Training seminars are helping teachers recount the horrors of genocide to increasingly diverse classes.
Kacie Holcomb moves slowly through galleries, contemplating exhibits that leave her stunned: Jewish concentration camp prisoners in striped uniforms. Black-and- white photos of emaciated survivors. Photos of lifeless bodies -- men, women and children who didn't make it out of the nightmarish camps.
"If we don't remember what happened, all of those people died in vain," said Holcomb, a social studies teacher from Fergus Falls, who toured the U.S. Holocaust Memorial Museum in Washington with students last week. "If we remember them, we're honoring their lives and families and the suffering they endured."
For teachers like Holcomb, trying to explain the Jewish Holocaust to students is one of the most tortuous lessons they'll ever face in the classroom. And yet the atrocities of Nazi-occupied Europe some 70 years ago matter today as much as ever, as Minnesota classrooms grow more diverse and include children of refugee families escaping war and other strife.
Like Holcomb, a growing number of teachers in Minnesota and nationwide are turning to Jewish groups for help in understanding and teaching this complex and horrific subject.
Last year, more than 500 teachers and other educators from Minnesota participated in seminars offered by the Jewish Community Relations Council of Minnesota and the Dakotas (JCRC). The council also takes students and teachers like Holcomb on an annual trip to the Holocaust museum.
"Students from war-torn countries -- from issues of racism or bigotry or prejudice -- there's something that's documented in the Holocaust curriculum that you can go back to and learn from," said Laura Zelle, director of Tolerance Minnesota, the JCRC's education arm.
Zelle said teachers are looking for resources beyond textbooks -- the latest in memoirs, articles, multimedia and other materials -- to help them teach the subject.
Adding urgency is the fact that a generation of Holocaust survivors is now passing away, leaving few eyewitnesses who can give personal accounts.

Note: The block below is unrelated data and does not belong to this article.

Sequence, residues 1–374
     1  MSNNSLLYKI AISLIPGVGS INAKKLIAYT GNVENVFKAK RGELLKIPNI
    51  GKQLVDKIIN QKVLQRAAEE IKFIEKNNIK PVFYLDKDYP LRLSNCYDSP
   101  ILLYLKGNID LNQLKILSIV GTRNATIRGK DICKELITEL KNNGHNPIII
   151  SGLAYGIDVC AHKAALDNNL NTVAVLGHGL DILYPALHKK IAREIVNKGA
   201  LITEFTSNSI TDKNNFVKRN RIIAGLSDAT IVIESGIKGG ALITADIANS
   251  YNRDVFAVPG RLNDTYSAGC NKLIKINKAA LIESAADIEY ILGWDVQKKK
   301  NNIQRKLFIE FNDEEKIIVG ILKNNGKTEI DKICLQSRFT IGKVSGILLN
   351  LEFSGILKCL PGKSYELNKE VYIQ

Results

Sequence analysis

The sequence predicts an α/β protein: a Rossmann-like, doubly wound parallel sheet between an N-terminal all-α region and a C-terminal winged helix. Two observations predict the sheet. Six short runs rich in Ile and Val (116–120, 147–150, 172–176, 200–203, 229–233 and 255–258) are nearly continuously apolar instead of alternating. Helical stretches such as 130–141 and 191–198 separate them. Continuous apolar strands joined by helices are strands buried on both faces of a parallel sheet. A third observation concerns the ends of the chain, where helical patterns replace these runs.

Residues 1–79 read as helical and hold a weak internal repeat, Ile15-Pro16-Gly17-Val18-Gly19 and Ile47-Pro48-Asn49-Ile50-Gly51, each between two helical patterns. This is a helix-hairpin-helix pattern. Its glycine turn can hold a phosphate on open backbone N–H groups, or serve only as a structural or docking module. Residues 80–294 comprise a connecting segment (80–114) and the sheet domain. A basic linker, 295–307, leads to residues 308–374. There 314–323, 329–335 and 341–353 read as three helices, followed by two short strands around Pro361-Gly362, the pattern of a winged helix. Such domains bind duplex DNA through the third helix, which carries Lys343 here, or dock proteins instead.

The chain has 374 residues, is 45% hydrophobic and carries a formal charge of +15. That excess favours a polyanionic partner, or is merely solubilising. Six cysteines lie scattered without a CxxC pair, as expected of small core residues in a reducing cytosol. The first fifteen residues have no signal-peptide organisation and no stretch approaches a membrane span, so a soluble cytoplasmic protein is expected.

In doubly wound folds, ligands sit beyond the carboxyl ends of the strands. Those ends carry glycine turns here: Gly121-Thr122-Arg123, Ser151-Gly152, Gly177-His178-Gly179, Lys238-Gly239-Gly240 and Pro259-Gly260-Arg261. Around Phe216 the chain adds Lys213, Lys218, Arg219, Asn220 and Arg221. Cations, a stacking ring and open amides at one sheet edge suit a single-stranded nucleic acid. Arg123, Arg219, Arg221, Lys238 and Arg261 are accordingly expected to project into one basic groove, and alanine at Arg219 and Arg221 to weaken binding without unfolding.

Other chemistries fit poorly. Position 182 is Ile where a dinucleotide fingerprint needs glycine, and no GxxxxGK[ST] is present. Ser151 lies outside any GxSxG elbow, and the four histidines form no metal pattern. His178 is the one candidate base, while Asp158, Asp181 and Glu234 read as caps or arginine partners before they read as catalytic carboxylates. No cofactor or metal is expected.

Teachers say, "Let's make sure we give this to students now while we still have the witnesses to talk to them," said Peter Fredlake, director of National Outreach for Teacher Initiatives with the Holocaust museum.
Lessons of war
Even as World War II recedes from the memory of living Americans, its lessons remain important, said Dan Wildeson, director of the Center for Holocaust and Genocide Education at St. Cloud State University.
"There is a growing interest in trying to find ... lessons from history, particularly the Holocaust, that would help us reflect upon the kinds of social dynamics we encounter right now ... immigration, same-sex orientation. I think the Holocaust provides a prism for looking at some of these other tensions."
Wildeson led a group of about 25 St. Cloud students who took part in the council's trip to the museum Tuesday.
Teachers are seeking "lesson plans, images, techniques ... to open up a conversation about ... these extraordinarily difficult and tragic events," Wildeson said.
Six states have passed legislation mandating that the Holocaust be taught in the classroom: Illinois, New York, New Jersey, Indiana, California and Florida. In most states, social studies standards explicitly mention the Holocaust as a topic of study, including in Minnesota for seventh to 12th grades, according to Fredlake.
Eleanor Minnema, an English teacher at Humboldt Secondary School in St. Paul, teaches Elie Wiesel's seminal work "Night," based on his experience as a prisoner at concentration camps. Among her students are the Hmong and the Karen, an ethnic minority in conflict with the government in Myanmar. Most of the estimated 5,000 Karen in Minnesota came from refugee camps in Thailand.
"We couched it ["Night"] in a bigger unit on genocide," said Minnema, who was among the nearly 50 educators who last month attended a daylong JCRC training session at the Orono School District office. "I had one student who was Cambodian, and she researched the Cambodian genocide. We touched on the Armenian genocide. The forced famine with Stalin. Rwanda, Darfur. We tried to get a blend of areas in the world to show how genocide is still a modern issue."
Survivors share stories
Besides the JCRC in Minnesota, other Jewish groups across the country help educators teach the Holocaust. The museum itself is one of the largest providers of such training, reaching between 4,000 and 5,000 educators a year, Fredlake said.
"It is a sensitive topic," he said. "By bringing this into the classroom, you're bringing in material that could be upsetting to kids. Especially now, we have immigrants from Southeast Asia, Africa, South and Central America, whose families may very well have ... been victims of the kinds of crimes against humanity you learn about in the Holocaust. It's really making teachers sensitive."
Neil Anderson, a social studies teacher at South High School in Minneapolis, has participated in the council's training seminar and has gone on 17 of the council's museum trips. This year, he brought nine South students with him.
A key lesson Anderson learned early was to incorporate survivors' testimonies. For years, they've come to his classroom and recounted their stories.
"You can throw around numbers -- 6 million this, 100,000 that, 10,000 this," Anderson said. "But each number is a person that had a life.
"I've seen kids listen to a survivor relate their story and explode out of the desk at the end and want to give them a hug. I've seen kids openly cry in a high school classroom. It's just amazing what you see."
Rose French 612-673-4352
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